However, it is not simply about weight (as you refer to by making the comparison of the Gramercy to a gent saw). It is also about the hang of the handle - where the gent saw is quite different. I had some communication from Ron Bontz, who is making some superb saws these days. He was is agreement with my observations about the higher hang increasing downforce.



    One observation I can make about the Wenzloff saw here is that it was the slowest cutting. It had the highest tooth count (20 ppi), but was also filed with some fleam for hardwood. That was Mike's take on setting up a saw for our local woods. It works very well on thinner boards, but was out-of-its-depth on this 3/4" Curly Marri. If one is going to use smaller teeth, such as the Gramercy (19 ppi), then it is advisable to team it with minimum rake, as it does.

    One saw I tried that attempted to add small teeth to large teeth was the Glen-Drake Joinery Saw. Some love it. I did not get on with it at all, finding the transition between tooth size to be most unsettling. One of these days I will give it a second go.

    I find all design - including tool design - fascinating. Understanding what works and why must improve one's understanding of tool use, and thereby improve our skills. Of course it is not necessary to go to these lengths. But it is fun.

    Regards from Perth

    Derek
    Poor Mike - seems like putting fleam on a 20 ppi saw was perhaps a fool's errand.

    I started out with a Stanley $6 gent's style dovetail saw and can honestly say that though I've upgraded (but not by much by today's boutique saw standard) I've never really cut a 'better' dovetail than those done with the Stanley, nor faster either. I owned the L-N saw briefly and hated it. I think I kept waiting for it to wow me. Never did. I guess it's all what one gets used to.

  12. Quote Originally Posted by Derek Cohen View Post
    Hi Charles

    Thanks for responding.

    I've admired that video by John Bullar before. And he is using the Gramercy dovetail saw (and not just one that looks like it).

    The point I wished to make in the review (upon which I can and should expand) is that the design is different from the more "traditional" dovetail saws and the features are purposeful, not simply aesthetic. It occurs to me that the Gramercy is the antithesis of the saw designed and sold by Rob Cosman, which offers an "extra heavy brass back" and "composite handles", all of which add significant weight with the purpose of increasing stability. The Gramercy manages to do this quite differently. That is not a poke at Rob's design, but a comment that there are many ways to skin a cat.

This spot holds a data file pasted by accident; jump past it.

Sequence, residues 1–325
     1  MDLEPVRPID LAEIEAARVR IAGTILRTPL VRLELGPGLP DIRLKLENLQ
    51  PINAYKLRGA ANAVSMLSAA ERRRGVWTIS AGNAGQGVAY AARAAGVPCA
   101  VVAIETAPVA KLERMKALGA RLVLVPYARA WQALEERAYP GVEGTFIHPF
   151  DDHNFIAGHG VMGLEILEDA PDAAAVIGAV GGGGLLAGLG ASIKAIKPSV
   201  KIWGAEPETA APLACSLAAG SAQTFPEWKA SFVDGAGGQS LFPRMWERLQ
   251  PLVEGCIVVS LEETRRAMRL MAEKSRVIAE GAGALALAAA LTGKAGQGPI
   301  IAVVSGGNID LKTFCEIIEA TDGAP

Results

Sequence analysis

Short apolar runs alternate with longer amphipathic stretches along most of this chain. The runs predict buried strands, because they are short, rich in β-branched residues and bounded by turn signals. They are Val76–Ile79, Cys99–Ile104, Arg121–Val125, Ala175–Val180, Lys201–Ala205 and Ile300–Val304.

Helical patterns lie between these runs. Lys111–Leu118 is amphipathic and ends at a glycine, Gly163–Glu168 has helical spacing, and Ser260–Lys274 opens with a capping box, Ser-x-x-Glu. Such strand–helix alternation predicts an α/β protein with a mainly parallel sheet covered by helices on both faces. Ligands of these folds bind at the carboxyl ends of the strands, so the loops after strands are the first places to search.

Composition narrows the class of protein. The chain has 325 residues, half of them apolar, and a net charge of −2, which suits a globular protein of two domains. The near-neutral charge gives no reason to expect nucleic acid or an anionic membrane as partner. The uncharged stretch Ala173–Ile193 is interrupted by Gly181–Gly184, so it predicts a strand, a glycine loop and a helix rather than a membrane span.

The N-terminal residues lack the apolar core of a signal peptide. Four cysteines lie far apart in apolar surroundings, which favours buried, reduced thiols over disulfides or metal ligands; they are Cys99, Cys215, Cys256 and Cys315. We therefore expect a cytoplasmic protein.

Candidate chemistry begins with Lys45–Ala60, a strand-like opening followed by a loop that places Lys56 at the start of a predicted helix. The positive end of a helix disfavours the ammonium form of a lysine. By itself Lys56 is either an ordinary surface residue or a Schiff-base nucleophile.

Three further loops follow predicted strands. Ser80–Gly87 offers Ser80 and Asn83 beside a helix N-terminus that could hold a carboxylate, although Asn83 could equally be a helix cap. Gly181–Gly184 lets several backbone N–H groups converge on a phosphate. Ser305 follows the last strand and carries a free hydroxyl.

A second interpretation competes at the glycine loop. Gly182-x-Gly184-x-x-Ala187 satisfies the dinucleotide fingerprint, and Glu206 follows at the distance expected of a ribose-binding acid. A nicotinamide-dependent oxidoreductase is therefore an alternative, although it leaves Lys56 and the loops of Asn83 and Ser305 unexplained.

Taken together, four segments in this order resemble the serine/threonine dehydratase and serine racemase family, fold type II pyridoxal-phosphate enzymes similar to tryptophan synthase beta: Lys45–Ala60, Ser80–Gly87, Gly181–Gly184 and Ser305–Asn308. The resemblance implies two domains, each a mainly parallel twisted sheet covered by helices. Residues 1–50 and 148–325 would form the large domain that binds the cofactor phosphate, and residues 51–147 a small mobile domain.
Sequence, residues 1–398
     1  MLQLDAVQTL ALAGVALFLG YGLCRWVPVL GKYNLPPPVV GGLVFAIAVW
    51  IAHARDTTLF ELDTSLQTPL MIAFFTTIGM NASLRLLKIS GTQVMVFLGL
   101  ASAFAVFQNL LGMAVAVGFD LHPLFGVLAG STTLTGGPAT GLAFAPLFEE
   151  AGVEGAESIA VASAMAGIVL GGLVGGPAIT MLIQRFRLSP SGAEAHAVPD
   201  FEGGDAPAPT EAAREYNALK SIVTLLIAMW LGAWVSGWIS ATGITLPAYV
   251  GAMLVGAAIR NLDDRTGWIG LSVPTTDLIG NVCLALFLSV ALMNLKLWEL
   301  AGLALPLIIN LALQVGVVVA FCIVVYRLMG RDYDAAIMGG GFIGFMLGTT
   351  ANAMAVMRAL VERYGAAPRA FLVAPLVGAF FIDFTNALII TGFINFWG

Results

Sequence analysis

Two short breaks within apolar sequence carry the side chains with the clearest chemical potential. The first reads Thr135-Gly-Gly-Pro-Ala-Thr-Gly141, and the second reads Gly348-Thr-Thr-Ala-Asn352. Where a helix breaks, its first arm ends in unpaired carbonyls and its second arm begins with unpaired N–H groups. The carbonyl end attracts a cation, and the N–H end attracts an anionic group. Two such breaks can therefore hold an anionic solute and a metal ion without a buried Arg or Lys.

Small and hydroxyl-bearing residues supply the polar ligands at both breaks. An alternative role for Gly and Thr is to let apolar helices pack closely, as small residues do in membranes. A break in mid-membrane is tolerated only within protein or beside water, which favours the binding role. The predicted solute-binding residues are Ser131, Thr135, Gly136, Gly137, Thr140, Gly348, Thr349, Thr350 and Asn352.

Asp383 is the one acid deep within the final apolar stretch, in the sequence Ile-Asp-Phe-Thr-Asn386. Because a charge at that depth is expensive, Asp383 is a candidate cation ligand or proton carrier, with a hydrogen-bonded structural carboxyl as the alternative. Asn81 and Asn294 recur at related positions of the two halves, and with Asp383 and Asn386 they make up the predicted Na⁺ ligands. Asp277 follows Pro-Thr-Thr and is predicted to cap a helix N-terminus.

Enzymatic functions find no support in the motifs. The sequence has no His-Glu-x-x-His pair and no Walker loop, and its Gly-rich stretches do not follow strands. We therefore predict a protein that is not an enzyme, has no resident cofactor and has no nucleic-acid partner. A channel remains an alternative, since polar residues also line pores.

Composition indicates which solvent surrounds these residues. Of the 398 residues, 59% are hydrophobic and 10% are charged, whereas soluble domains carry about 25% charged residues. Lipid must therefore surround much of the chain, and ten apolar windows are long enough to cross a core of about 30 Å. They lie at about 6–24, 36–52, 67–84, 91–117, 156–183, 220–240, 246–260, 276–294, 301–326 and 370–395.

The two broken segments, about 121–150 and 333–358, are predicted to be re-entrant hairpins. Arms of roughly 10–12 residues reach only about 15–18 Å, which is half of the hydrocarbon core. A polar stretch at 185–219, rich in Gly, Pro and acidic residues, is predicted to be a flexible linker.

However, it is not simply about weight (as you refer to by making the comparison of the Gramercy to a gent saw). It is also about the hang of the handle - where the gent saw is quite different. I had some communication from Ron Bontz, who is making some superb saws these days. He was is agreement with my observations about the higher hang increasing downforce.



    One observation I can make about the Wenzloff saw here is that it was the slowest cutting. It had the highest tooth count (20 ppi), but was also filed with some fleam for hardwood. That was Mike's take on setting up a saw for our local woods. It works very well on thinner boards, but was out-of-its-depth on this 3/4" Curly Marri. If one is going to use smaller teeth, such as the Gramercy (19 ppi), then it is advisable to team it with minimum rake, as it does.

    One saw I tried that attempted to add small teeth to large teeth was the Glen-Drake Joinery Saw. Some love it. I did not get on with it at all, finding the transition between tooth size to be most unsettling. One of these days I will give it a second go.

    I find all design - including tool design - fascinating. Understanding what works and why must improve one's understanding of tool use, and thereby improve our skills. Of course it is not necessary to go to these lengths. But it is fun.

    Regards from Perth

    Derek
    The hang does look extreme. It might be useful when cutting the pin board on any of the iterations of blind joints - half blind or otherwise, if being done in a regular vise and not raised in a bench on bench arrangement. I'll never know for sure since I doubt I'll buy a new dovetail saw.

    'Ole Bullar really gives the middle two to three inches of his saw a workout.
    Last edited by Charlie Stanford; 05-28-2013 at 4:57 PM.

  13. #13
    Join Date
    Jan 2009
    Location
    Williamsburg,Va.
    Posts
    12,388
    Well,he did do a fast and accurate job of cutting those dovetails!!

  14. Quote Originally Posted by george wilson View Post
    Well,he did do a fast and accurate job of cutting those dovetails!!
    Like Chihuahuas mating....

  15. #15
    Join Date
    Feb 2004
    Location
    Perth, Australia
    Posts
    6,616
    Quote Originally Posted by Matthew Hills View Post
    What wood is used in the Wenzloff handle? *very* attractive.
    Hi Matt

    That is African Blackwood. It does look a lot like Ebony, but you can see the grain through the black. I have a matched set of dovetail and (16") tenon saws that were a 60th birthday present from my wife a few years ago.

    Regards from Perth

    Derek

Posting Permissions

  • You may not post new threads
  • You may not post replies
  • You may not post attachments
  • You may not edit your posts
  •